The Kettenkrad

While browsing the classifieds on Barnstormers.com I came across an ad for a Kettenkrad for sale.  Intrigued I did some research on the net.  And if this winter is anything like last year I think I’ll consider one of these as my next vehicle.

Referred to as the “tracked motorcycle” concept, the Kettenkrad was conceived and patented by a German inventor, Heinrich Ernst Kniepkamp, in June of 1939.

The SdKfz 2, better known as the Kleines Kettenkraftrad HK 101 or Kettenkrad for short (Ketten = tracks, krad = military abbreviation of the German word Kraftrad, the administrative German term for motorcycle), started its life as a light tractor for airborne troops.  The vehicle was designed to be delivered by Junkers Ju 52 aircraft, though not by parachute. The vehicle had the advantage of being the only gun tractor small enough to fit inside the hold of the Ju 52.

Steering the Kettenkrad was accomplished by turning the handlebars:  if little movement was used then the wheel would steer the vehicle, however if they were turned further they would engage the track brakes to help make turns sharper.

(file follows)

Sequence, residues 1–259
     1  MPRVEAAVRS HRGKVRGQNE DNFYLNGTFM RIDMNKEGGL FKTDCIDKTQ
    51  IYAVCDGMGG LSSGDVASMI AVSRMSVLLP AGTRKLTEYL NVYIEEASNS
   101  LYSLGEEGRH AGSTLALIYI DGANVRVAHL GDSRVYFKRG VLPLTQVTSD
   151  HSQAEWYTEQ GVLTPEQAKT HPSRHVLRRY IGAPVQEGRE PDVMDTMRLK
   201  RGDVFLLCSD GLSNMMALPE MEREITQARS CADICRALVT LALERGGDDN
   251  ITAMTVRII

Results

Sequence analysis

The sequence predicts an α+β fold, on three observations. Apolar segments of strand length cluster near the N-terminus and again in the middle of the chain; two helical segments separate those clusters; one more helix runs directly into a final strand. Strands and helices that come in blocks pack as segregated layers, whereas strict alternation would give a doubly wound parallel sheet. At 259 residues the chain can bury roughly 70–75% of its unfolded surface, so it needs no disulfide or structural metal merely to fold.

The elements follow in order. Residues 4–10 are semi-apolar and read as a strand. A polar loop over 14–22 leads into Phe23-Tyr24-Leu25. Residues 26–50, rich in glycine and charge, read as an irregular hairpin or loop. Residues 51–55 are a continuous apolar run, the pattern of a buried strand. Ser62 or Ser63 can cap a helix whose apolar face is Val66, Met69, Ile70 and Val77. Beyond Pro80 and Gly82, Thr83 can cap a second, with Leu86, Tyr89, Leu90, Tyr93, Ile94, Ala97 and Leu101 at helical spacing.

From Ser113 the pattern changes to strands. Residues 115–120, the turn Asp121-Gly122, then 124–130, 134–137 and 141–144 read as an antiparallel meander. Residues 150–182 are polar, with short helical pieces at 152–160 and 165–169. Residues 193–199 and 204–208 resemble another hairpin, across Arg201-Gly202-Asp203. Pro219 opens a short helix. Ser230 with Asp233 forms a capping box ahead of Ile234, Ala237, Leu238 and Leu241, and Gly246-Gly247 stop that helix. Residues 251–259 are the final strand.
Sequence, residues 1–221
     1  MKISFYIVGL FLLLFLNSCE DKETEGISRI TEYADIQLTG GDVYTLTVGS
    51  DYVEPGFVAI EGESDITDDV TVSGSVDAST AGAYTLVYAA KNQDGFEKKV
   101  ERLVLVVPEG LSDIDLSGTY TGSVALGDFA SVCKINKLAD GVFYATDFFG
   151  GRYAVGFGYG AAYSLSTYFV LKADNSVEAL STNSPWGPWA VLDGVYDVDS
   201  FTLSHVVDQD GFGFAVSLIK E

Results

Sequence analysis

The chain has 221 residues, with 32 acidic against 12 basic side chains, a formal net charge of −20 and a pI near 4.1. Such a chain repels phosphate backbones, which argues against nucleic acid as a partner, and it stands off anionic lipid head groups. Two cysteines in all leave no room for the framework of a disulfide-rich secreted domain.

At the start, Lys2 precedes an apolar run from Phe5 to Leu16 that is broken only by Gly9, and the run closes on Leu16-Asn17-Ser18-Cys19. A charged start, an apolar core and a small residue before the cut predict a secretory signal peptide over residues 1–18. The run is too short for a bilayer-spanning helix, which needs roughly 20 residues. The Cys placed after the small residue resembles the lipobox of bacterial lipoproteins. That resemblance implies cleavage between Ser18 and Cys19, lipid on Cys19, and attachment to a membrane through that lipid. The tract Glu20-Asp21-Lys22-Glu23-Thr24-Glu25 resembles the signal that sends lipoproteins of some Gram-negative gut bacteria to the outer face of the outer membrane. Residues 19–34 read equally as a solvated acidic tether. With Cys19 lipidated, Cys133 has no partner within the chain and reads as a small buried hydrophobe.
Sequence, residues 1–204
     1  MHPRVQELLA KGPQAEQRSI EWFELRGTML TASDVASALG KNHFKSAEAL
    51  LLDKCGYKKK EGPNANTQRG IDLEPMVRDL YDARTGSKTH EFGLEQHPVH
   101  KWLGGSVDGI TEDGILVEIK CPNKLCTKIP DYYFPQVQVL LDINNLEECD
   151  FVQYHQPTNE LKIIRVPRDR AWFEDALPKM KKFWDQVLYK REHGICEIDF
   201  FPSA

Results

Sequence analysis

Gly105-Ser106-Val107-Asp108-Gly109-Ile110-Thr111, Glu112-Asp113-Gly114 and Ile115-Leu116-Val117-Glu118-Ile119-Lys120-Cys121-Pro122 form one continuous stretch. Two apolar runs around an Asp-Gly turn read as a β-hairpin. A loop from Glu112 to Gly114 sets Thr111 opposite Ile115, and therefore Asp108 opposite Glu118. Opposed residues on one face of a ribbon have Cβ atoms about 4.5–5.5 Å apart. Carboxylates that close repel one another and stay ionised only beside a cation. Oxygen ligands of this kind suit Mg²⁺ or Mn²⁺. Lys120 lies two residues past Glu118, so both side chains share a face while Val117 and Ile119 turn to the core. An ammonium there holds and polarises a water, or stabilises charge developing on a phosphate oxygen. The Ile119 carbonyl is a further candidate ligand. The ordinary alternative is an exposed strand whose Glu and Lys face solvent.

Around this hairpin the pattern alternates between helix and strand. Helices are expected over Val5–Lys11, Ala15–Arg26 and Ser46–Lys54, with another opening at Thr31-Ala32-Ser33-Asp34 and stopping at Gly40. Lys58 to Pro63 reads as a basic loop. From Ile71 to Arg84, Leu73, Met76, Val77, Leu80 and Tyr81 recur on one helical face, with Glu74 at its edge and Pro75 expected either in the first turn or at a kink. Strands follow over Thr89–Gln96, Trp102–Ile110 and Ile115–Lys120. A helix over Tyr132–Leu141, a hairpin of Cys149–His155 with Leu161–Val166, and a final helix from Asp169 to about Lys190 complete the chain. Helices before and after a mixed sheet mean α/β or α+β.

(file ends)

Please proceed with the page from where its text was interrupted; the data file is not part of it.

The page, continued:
The SdKfz 2 was designed and built by the NSU Motorenwerke AG at Neckarsulm, Germany.  It was first used in the invasion of the Soviet Union in 1941. Later in the war Stoewer from Stettin also produced Kettenkrads under license, accounting for about 10% of the total production.

Most Kettenkrads saw service on the Eastern Front, where they were used to lay communication cables, pull heavy loads and carry soldiers through the deep Russian mud.  Late in the war, Kettenkrads were used as runway tugs for aircraft, including jets such as the Me 262. In order to conserve aviation fuel, the aircraft would be towed rather than run the engines while taxiing.

The vehicle was also used in the North African theater and in Western Europe.

The Kettenkrad came with a special trailer that could be attached to it to improve its cargo capacity.  Other trailers used by the Kettenkrads could be used for other lightweight vehicles such as the Kubelwagon and the Schwimmwagon (pictured below – the two vehicles on the right).

Being a tracked vehicle the Kettenkrad could climb up to 24° in sand and even more in hard ground, as long as the driver had courage for it.

Only two significant sub-variations of the Kettenkrad were constructed, and production of the vehicle was stopped in 1944, at which time 8,345 had been constructed.   After the war the production went on until 1948 or 1949.

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